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REASON GONE MAD: The pandemic is over, and not a moment too soon

What’s that you say? The pandemic is not over? What are you talking about? Why would you say that?

Oh my gosh, do any of you remember the COVID-19 pandemic? Of course you do. That was a crazy, awful time. From shutdowns, and toilet-paper hoarding, and job losses, and wiping down our groceries, and heartbreaking separations from sick loved ones, and fear and uncertainty and anxiety, to cheering our health-care workers (until we instead harangued them for not giving us horse dewormer), to battles over masks, to the miracle of vaccines, to battles over those same vaccines, to the development of antiviral treatments, and on and on and on.

All I can say is this: Like you, I’m glad that’s all behind us and that the pandemic is finally, totally, completely over. Woo hoo! We’re back to normal life and ready to par-tay!

Wait, what? Sorry, I’m having a hard time hearing you. What’s that you say? The pandemic is not over? What are you talking about? Why would you say that? I mean, I’ve walked around Great Barrington and elsewhere and seen restaurants and bars jam-packed with maskless people of uncertain, does-anyone-really-care-anymore vaccination status. I’ve been to crowded theaters where there are no masks in sight. People are going on cruises again. Vaccination requirements to eat in restaurants and mask mandates in schools nationwide have disappeared.

You can’t wear masks when you’re pounding brewskis, amirite?

And why is that? There can only be one reason: The pandemic is over! We totally crushed COVID-19, baby! High-five! U.S.A.! U.S.A.! Everybody sing: “Hold your mask in the air if you really don’t care!” Woo hoo!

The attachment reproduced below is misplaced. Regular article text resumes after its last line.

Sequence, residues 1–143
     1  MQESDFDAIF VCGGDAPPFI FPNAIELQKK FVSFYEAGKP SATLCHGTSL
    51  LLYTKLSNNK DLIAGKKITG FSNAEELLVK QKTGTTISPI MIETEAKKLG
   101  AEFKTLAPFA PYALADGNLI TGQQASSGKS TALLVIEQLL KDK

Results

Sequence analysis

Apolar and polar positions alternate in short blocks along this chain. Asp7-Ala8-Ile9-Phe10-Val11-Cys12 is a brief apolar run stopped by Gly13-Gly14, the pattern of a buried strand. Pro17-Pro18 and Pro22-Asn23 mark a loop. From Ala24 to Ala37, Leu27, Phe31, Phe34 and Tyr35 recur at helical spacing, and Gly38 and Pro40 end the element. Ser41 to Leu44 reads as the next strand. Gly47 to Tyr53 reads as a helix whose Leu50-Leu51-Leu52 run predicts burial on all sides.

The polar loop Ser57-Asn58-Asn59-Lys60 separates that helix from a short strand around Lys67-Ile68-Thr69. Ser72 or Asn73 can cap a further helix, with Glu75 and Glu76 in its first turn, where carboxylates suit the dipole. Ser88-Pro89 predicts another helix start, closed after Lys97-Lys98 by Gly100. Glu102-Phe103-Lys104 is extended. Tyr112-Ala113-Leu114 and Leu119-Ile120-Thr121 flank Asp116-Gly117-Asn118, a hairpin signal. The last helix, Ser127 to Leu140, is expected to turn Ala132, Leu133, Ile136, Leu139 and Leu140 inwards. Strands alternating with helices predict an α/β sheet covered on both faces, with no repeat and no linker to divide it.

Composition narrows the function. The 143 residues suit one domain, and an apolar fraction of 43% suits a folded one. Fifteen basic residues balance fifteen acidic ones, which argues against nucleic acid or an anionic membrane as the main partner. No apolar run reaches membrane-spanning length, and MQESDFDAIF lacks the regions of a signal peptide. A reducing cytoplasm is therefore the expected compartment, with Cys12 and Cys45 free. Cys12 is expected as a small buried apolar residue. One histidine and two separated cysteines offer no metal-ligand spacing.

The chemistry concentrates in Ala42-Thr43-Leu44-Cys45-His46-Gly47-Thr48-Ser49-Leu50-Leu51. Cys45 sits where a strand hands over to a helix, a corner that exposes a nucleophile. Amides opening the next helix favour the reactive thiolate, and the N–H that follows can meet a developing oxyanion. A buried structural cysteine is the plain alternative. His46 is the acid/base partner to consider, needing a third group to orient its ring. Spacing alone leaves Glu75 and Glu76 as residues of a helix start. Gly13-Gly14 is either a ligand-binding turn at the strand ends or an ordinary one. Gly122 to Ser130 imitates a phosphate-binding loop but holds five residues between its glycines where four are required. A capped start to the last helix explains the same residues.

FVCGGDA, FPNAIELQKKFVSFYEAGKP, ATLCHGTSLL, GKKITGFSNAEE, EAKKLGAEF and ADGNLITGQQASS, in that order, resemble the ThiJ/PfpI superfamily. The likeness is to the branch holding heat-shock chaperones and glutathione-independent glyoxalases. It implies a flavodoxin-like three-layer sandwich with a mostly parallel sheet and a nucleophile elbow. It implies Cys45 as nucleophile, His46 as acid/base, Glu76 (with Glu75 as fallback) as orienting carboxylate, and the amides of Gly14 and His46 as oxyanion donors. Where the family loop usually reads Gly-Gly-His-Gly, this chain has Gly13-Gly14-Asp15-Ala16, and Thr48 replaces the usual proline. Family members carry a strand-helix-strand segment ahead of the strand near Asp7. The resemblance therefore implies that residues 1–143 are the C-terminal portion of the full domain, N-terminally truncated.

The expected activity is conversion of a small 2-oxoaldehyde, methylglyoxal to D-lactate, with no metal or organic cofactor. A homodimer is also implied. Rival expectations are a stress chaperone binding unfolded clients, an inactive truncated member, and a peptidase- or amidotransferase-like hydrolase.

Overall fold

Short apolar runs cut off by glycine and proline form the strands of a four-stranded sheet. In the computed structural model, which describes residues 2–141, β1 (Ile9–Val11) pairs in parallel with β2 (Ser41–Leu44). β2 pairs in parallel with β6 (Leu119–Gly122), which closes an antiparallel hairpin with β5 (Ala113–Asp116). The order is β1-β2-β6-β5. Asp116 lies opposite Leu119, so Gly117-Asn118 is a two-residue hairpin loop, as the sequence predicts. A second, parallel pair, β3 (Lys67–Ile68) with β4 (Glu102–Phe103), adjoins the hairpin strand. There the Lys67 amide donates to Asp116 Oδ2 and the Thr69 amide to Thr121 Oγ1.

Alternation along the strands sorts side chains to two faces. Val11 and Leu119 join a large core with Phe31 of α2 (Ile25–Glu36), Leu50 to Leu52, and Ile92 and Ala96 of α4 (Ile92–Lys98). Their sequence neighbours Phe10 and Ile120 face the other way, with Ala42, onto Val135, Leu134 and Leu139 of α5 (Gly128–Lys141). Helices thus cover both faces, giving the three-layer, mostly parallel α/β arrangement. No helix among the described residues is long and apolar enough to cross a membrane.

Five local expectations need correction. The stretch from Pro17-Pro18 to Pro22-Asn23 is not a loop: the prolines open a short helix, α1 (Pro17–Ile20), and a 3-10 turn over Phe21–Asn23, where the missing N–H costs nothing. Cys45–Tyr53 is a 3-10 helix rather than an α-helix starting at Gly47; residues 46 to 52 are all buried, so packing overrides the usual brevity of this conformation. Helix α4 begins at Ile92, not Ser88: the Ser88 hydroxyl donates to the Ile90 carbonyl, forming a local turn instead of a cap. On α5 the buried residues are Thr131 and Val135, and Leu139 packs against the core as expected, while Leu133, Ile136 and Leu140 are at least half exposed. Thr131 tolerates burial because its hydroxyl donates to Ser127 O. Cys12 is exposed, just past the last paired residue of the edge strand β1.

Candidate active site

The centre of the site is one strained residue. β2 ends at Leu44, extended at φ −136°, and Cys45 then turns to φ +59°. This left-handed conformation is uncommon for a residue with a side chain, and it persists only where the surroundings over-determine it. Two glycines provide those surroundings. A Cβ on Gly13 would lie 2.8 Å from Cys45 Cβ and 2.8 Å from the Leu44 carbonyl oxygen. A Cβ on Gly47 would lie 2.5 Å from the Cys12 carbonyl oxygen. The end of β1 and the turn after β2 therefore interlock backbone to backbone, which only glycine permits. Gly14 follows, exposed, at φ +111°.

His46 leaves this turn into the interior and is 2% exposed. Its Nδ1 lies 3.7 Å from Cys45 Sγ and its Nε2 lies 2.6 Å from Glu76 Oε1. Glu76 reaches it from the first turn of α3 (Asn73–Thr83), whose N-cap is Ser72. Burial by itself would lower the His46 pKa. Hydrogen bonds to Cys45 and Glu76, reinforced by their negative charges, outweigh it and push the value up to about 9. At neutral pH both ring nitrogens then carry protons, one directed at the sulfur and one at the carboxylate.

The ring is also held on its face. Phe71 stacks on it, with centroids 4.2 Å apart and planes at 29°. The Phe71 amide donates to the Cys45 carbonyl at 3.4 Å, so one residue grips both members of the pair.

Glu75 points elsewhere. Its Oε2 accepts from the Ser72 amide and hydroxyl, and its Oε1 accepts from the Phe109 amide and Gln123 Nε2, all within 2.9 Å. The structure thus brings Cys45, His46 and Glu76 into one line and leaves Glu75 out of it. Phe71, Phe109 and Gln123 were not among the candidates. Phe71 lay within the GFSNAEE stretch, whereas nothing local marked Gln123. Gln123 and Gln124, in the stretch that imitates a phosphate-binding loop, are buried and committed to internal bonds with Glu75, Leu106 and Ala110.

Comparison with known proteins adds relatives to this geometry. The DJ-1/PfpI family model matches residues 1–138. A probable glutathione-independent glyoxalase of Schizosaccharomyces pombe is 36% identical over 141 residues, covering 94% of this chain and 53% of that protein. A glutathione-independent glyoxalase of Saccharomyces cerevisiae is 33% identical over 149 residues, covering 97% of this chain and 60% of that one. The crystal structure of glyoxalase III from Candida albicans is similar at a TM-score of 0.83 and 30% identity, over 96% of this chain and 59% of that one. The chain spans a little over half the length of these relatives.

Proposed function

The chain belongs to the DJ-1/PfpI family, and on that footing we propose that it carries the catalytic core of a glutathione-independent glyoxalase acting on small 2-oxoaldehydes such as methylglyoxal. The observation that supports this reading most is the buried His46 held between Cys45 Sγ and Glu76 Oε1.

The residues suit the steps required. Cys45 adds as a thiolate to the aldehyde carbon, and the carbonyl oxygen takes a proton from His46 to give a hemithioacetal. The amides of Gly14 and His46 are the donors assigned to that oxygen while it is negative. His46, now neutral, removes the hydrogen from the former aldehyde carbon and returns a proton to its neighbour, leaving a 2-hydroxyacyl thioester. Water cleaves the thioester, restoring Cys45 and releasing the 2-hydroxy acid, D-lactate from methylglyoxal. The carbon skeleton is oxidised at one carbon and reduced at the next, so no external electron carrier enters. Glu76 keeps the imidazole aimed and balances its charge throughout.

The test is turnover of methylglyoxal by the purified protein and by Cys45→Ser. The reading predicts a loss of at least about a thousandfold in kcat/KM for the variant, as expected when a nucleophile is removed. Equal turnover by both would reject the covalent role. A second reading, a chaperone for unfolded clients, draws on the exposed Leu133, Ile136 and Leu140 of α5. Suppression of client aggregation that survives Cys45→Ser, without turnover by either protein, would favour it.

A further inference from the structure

What? You’re saying that’s not true? That I should pay attention to the increasing case count for Omicron subvariants? And that the Great Barrington Board of Health continues to recommend that everyone wear a mask “while indoors in public settings, regardless of vaccination status?” And that Philadelphia just reimposed its indoor mask mandate? And that I should read the news, rather than just pretend the pandemic is over?

Okay, fine, whatever. (Rolls eyes dismissively.) Hang on a second. (Grabs copy of The New York Times, adjusts reading glasses, begins turning pages, suddenly jabs triumphantly at a story.)

See, I was right! Look right here, a story about how Congress has not reauthorized money for our efforts to vaccinate the world, which means those programs are winding down. And that federal funding is running out for vaccines, antiviral medicines and testing. That proves the pandemic is over, because vaccinating the world, in particular, was understood to be essential to avoiding new variants that might evade current vaccines. Congress may be dysfunctional, but our elected leaders wouldn’t be so stupid as to abandon these global efforts if still needed. What does that mean? Obviously, it means the pandemic is over, buddy! Woo hoo!

And check this out (points to another story): The rate of new vaccinations, and particularly of first boosters, has plummeted. Prior to last week’s authorization of boosters for people over 50, we averaged only 225,000 shots per day in the United States. And the percentage of people fully vaccinated has barely budged in two months. That can only mean one thing: Nearly everyone in America is vaccinated and boosted — the best defense against illness and spread of the virus, right? I’m sure the dashboards showing vaccination rates will soon be updated to show near-universal vaccination and boosting, because that’s where we must be since, according to everyone, the pandemic has ended.

Blue is good, right?